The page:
Tuesday, December 14, 2010

Animals that eat sunshine

This sea-slug steals the chloroplasts from algae it feeds on and lives of the sugar they produce.
[Edited from New Scientist article (see reference below)]

Did you think only plants and a few bacteria can photosynthesize? A surprising number of animals can get energy from sunlight too - by living in symbiosis with photosynthetic organisms: The list includes salamanders, sea slugs (see picture above), giant clams, sea squirts, jellyfish, corals, anemones, hydras and sponges.

For example, females of the spotted salamander Ambystoma maculatum store algal cells in their oviducts and somehow pass them on to their eggs, where the algae continue to live within the cells of the developing salamander embryos. Once the salamander are adults, their skin does not let enough light through and they live mostly underneath stones.
Another example are oriental hornet's whose shell can trap sunlight, while the pigment xanthopterin converts it to energy (Read more about oriental hornets here)

Actually, even plants are not capable of performing their own photosynthesis: Plants can only harvest light energy because they engulfed photosynthetic cyanobacteria around 2.5 billion years ago - which we now know as "chloroplasts". Plants live in endosymbiosis with the engulfed cyanobacteria.

The question is not whether animals can photosynthesise, but why not more do. To make photosynthesis effective, the animal needs to be exposed to a lot of light and have a large body surface. To sustain chloroplasts within their cells, animals would have to add several hundred genes to their genome. This method has been found in the sea slug Elysia chlorotica that are native to the salt marshes of New England and Canada (read more here: Bizarre sea slug is half animal and half plant) [See image above]. Most other organisms go the easier way by engulfing entire photosynthetic cells. Researchers from Harvard Medical School did just that - by artificially injecting photosynthetic cyanobacteria into the egg cells of a zebrafish.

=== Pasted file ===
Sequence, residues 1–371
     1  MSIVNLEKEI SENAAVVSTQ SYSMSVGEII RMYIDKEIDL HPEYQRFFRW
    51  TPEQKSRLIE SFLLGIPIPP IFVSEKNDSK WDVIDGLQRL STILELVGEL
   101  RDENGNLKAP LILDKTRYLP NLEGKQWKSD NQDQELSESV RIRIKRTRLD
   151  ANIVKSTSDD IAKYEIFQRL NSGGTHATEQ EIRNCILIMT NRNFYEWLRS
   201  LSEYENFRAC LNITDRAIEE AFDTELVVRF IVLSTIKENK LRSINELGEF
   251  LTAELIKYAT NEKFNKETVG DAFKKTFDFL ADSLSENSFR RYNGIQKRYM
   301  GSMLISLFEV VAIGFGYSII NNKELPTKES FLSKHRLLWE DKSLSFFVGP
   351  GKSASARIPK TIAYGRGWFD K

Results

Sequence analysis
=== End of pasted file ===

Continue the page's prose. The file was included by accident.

So will we have solar-powered pet fish soon? That might take a while. Being a photosynthetic animal would need a change in behavior, as too much ultraviolet sun light can damage the chlorophyll (that's why all known photosynthetic animals live under water, which reduces the UV radiation). In addition, photosynthesis would provide animals with sugar, but animals would still require proteins, vitamins, and minerals from other sources. In theory, adding nitrogen-fixing cyanobacteria, as found in some sponges and corals, could provide animals with the protein they need. So far nobody managed to this in even plants, despite decades of effort.

Genetic engineering might be able achieve what evolution hasn't, but would the benefits outweigh the costs for any vertebrates, especially energy-hungry animals with active lifestyles? Maybe one day, humans will be able feed directly off the sun, and might look like this: 

Orion Woman from Star Trek
Read the original article her: Light diet: Animals that eat sunshine - environment - 13 December 2010 - New Scientist

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